Symbolism is crucial in showing the audience the inner strength that Mulan has in a culture where women are seen as feeble and pliable. The scene where Mulan is contemplating what to do and finally decides to go to war in place of her father as she sits under the Great Stone Dragon holds heavy symbolism. Mulan lights a candle for protection for her family and awakens the statue when Mushu could not; the reason for this is because the Great Stone Dragon resides within Mulan as she is the protector of her family. It is implied by the dragon not waking up when Mushu bangs the gong, that it already lives on inside of Mulan. Mulan holds many scenes with hidden meanings that are impactful in portraying that men and women are not held to the standards society has placed upon them. When Mulan cuts her hair, she is “cutting” herself off from society and their outdated views. In Chinese culture and tradition, women are expected to keep their hair long as it is a feminine trait. She cuts it with a sword which is something men are expected to wield as a way of breaking the shackles of perception that men and women should act and look a certain way. Symbolism is presented throughout the film as a way to characterize Mulan in a different light then is expected of women.

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Mulan’s inner struggle along with the severity of the situation is an emotional appeal to the audience. The movie is made for children and the overall mood is comical and upbeat, however in order to illustrate the main theme of being true to oneself, they exhibit serious scenes to help the audience relate to Mulan. Not many children can connect to the actual struggles Mulan faces such as going to war, but they can relate to putting on a mask whether literal or figurative to hide who they are. The scene where Mulan sings the song “Reflection” about being confused as to who she truly is, is something many can relate to. Children can have an easier time putting themselves in the shoes of a person who is confused and emotional about acting like a different person and thus invoking a powerful connection. By allowing the audience to identify with Mulan it creates a more significant impact on how they feel about the rest of her journey. There will be more devotion to her success and make the movie more eventful for the viewer. The somber scenes that cause Mulan to contemplate who she is utilizes a strategic rhetorical device of emotional appeal in order to have the audience form an attachment to her.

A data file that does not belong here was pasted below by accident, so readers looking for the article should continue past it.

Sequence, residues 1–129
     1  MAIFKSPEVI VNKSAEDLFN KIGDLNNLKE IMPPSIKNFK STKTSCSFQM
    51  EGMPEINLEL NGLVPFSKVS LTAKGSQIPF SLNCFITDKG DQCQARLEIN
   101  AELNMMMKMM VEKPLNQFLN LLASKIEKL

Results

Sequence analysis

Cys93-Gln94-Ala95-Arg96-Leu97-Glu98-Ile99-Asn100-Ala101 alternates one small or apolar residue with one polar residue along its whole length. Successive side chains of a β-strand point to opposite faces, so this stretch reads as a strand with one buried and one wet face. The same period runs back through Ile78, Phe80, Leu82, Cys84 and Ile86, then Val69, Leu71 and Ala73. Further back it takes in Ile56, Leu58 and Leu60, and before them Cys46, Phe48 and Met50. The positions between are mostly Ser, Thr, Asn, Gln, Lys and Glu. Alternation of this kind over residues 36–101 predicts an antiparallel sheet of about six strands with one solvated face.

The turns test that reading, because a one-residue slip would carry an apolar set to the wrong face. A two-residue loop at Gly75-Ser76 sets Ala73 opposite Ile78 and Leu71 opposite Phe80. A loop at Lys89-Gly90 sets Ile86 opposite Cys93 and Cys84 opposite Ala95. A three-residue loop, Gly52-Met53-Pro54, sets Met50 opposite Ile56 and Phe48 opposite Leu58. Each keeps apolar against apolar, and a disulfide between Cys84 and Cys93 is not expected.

Mulan is able to overcome her difficulties through determination and optimism as they are a strong force to battle with. Her upbringing drilled into her and those around her that men should be strong and courageous while women should be frail and docile. Even with this mindset, Mulan broke social norms and proved those standards to be foolish. Mulan did what their culture thought only a man could do and showed the ignorance of believing any person is born under strict and outdated. This movie is empowering for young impressionable children as Mulan characterizes gender roles as irrelevant while valuing hard work and intelligence above all else.

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Gender Roles in Movie Mulan. (2022, Apr 29). Retrieved from